• Return polylines—Lines will only be returned when polygon detail is set to Standard or High. The polylines will be split at the cutoff boundaries.

Execute the service area task

Execute the service area task's solve method, providing the service area parameters.

Process results

When the service area task completes, results are available as a service area result. Depending on the success of the task, the Messages property on the result object may be populated. These messages contain information about how the task was solved.

The outputs can include polygons, polylines, facilities, and barriers depending on the service area parameter settings. The output facilities and barriers are copies of the corresponding inputs and have information such as location status or distance to network location populated by the solve process.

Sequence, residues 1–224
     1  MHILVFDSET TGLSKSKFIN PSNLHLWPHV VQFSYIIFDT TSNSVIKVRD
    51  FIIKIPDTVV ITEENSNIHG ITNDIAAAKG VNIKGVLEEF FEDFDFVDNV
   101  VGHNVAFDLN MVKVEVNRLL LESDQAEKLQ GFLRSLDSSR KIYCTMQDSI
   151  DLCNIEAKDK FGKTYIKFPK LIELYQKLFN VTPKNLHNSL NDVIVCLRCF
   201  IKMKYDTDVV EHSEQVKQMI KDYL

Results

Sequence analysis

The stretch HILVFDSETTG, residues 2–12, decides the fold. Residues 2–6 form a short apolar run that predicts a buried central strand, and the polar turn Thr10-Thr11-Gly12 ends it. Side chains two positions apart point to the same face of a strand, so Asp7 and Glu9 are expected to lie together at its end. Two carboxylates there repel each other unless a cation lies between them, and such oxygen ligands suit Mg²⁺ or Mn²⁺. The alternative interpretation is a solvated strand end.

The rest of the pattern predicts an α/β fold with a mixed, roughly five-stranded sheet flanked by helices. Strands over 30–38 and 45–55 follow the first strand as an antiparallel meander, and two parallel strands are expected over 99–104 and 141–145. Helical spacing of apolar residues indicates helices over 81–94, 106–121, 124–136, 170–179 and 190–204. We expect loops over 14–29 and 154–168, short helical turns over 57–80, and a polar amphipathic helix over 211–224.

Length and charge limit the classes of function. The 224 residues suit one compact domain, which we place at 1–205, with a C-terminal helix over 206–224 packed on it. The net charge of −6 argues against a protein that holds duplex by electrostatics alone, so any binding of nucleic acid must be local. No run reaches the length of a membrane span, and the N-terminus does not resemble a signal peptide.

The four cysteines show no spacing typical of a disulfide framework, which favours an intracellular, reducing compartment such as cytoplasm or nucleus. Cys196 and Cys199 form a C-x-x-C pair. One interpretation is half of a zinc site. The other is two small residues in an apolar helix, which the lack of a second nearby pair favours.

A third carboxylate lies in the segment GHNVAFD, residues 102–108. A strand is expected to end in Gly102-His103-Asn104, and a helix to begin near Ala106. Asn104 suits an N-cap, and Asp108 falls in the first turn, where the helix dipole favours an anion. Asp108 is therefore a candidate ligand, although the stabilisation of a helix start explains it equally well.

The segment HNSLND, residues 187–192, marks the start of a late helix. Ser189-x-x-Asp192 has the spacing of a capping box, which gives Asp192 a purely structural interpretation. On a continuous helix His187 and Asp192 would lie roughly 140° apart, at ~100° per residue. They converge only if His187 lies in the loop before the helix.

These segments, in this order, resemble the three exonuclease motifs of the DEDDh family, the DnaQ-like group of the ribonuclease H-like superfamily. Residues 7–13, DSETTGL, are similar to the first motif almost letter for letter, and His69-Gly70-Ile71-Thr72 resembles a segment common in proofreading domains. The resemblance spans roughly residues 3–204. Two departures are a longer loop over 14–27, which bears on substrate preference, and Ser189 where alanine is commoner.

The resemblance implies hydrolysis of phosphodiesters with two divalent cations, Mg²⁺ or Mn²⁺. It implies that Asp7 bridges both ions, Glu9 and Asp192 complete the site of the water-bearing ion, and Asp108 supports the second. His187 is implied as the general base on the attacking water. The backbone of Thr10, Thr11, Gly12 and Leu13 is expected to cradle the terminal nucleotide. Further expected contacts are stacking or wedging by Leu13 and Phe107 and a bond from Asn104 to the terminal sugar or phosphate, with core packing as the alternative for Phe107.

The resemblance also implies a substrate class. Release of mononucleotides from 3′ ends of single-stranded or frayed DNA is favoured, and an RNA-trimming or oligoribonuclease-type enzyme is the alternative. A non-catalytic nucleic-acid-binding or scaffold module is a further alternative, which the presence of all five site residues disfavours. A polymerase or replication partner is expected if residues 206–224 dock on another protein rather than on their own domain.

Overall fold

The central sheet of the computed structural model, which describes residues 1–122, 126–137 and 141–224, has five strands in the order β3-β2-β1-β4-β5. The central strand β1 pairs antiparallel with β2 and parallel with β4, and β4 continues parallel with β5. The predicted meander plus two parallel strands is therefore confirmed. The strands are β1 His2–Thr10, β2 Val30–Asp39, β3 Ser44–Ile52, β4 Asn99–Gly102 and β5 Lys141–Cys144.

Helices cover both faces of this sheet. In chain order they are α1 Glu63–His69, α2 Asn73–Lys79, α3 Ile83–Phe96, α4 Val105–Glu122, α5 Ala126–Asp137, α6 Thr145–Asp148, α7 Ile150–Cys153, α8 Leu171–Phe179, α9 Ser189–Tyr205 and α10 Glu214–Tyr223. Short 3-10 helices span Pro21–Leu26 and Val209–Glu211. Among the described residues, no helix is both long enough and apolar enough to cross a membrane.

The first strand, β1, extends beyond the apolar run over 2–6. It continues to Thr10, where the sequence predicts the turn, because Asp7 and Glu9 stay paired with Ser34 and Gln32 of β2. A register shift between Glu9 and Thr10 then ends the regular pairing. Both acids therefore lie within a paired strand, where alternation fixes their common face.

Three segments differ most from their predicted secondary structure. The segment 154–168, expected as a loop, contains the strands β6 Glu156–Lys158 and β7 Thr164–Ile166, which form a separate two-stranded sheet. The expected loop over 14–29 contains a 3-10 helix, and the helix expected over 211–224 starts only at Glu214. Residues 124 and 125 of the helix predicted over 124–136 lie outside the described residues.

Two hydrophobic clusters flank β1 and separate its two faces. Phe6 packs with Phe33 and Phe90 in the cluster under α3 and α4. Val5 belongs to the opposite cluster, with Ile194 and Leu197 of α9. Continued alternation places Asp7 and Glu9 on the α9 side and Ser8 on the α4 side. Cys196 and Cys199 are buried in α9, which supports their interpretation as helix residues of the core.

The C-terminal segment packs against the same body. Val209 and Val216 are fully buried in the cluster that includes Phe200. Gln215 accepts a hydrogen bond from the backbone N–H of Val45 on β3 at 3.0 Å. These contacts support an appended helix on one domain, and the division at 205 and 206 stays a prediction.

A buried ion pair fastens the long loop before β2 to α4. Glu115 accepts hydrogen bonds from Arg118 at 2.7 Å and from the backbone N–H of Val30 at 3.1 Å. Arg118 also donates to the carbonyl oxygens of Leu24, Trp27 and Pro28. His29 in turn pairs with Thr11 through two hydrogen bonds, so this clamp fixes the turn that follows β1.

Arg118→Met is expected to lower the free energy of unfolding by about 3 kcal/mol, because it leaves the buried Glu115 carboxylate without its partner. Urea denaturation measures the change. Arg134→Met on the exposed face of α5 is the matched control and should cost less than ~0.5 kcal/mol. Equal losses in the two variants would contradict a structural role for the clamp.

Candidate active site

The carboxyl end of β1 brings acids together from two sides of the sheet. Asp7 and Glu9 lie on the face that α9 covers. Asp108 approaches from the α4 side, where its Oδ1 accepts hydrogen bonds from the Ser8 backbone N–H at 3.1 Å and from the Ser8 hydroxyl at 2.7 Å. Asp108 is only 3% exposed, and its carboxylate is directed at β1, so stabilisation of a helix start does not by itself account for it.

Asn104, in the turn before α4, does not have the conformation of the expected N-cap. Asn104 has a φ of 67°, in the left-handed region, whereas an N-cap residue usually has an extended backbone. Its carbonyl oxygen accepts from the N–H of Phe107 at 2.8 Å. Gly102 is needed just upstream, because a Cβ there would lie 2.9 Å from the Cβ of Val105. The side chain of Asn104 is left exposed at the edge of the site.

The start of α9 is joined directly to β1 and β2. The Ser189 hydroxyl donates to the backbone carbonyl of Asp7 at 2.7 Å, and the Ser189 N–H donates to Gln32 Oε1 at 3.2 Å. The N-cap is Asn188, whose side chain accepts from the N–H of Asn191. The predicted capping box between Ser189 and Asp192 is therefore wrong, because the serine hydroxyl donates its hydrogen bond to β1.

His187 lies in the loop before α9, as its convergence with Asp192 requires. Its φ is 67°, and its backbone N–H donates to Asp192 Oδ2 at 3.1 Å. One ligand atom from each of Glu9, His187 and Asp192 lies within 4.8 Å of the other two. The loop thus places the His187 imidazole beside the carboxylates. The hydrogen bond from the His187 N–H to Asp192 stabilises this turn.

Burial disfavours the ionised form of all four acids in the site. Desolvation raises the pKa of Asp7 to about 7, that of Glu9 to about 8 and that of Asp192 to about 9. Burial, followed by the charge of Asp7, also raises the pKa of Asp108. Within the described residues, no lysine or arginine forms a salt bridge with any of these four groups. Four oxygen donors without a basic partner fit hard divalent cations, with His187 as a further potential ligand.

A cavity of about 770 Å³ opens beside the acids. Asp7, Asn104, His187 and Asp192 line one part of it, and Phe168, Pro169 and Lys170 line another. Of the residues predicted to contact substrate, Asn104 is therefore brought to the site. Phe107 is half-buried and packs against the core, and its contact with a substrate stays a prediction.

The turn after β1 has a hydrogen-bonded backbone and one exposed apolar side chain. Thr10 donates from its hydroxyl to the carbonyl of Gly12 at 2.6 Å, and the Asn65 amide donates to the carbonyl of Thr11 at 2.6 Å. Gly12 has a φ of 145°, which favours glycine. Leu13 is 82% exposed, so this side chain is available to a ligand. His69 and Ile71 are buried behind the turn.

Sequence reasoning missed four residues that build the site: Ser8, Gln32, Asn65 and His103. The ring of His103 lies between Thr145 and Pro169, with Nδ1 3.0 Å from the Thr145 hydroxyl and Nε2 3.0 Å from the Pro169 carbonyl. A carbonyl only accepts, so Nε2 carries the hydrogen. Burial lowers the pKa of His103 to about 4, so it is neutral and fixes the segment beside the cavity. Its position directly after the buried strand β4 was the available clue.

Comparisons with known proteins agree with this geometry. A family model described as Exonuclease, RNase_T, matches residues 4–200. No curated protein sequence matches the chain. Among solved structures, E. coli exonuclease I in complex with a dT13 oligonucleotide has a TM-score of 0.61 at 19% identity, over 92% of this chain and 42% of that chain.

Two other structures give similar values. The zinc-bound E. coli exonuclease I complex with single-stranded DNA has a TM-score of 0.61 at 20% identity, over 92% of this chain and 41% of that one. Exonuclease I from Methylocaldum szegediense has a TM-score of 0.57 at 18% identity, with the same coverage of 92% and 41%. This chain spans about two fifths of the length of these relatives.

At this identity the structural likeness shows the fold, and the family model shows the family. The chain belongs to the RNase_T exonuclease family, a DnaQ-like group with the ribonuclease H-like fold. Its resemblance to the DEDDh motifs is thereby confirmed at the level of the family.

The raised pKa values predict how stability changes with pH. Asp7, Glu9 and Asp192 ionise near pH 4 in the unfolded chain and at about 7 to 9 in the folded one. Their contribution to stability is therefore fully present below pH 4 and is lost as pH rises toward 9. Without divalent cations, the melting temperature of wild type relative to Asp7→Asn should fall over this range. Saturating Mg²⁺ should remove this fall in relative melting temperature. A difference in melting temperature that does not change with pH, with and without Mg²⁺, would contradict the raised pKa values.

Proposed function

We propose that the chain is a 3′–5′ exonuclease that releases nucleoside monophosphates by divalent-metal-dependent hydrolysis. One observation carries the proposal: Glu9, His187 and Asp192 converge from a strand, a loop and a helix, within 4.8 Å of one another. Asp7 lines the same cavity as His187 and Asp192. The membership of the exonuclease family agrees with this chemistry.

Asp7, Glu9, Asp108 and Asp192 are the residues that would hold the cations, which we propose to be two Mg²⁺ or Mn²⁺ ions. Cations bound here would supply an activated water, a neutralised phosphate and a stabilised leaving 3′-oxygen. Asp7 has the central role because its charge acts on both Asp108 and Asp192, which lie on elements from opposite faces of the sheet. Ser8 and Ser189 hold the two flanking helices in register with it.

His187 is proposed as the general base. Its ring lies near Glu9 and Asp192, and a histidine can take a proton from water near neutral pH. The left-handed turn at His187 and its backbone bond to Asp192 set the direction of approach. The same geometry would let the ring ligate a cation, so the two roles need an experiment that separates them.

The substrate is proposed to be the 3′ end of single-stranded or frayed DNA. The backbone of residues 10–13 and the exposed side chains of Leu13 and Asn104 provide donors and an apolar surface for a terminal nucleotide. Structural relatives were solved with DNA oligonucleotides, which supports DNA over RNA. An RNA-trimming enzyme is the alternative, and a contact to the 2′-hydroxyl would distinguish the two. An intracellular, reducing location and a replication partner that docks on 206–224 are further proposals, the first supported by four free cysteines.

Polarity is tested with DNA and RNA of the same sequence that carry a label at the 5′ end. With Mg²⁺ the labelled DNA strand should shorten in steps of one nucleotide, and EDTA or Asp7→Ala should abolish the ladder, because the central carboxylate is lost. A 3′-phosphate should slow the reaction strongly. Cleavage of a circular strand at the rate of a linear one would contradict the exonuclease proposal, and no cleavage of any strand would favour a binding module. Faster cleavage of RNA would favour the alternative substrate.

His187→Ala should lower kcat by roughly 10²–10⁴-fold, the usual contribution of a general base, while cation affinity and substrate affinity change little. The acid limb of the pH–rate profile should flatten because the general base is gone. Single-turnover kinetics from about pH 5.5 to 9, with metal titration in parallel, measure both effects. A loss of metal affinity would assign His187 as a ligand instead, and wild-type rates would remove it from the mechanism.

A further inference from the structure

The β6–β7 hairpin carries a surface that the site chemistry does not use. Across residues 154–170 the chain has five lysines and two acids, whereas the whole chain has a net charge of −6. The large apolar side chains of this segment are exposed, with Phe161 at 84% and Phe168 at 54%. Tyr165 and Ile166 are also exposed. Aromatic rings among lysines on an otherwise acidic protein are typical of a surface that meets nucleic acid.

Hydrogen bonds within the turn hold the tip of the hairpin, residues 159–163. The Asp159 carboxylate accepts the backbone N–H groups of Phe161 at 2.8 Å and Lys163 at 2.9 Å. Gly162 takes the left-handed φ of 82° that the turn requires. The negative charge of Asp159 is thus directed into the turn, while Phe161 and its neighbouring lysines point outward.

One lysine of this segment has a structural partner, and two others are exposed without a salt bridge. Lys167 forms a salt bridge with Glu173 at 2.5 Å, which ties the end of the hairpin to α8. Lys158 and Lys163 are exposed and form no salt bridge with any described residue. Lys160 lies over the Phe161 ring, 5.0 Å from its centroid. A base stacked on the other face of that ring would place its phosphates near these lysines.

Service area result polygons

Service area polygons

To access the resulting service area polygons, you can iterate through the returned facilities and get a list of service area polygons for each facility. The shape and size of these polygons are affected by the service area parameter values passed in to the solve operation.

Service area polylines

To access the polylines, iterate through the returned facilities and retrieve the list of the network polylines that are within each facility's service areas. The cumulative from and to costs can be retrieved from each polyline.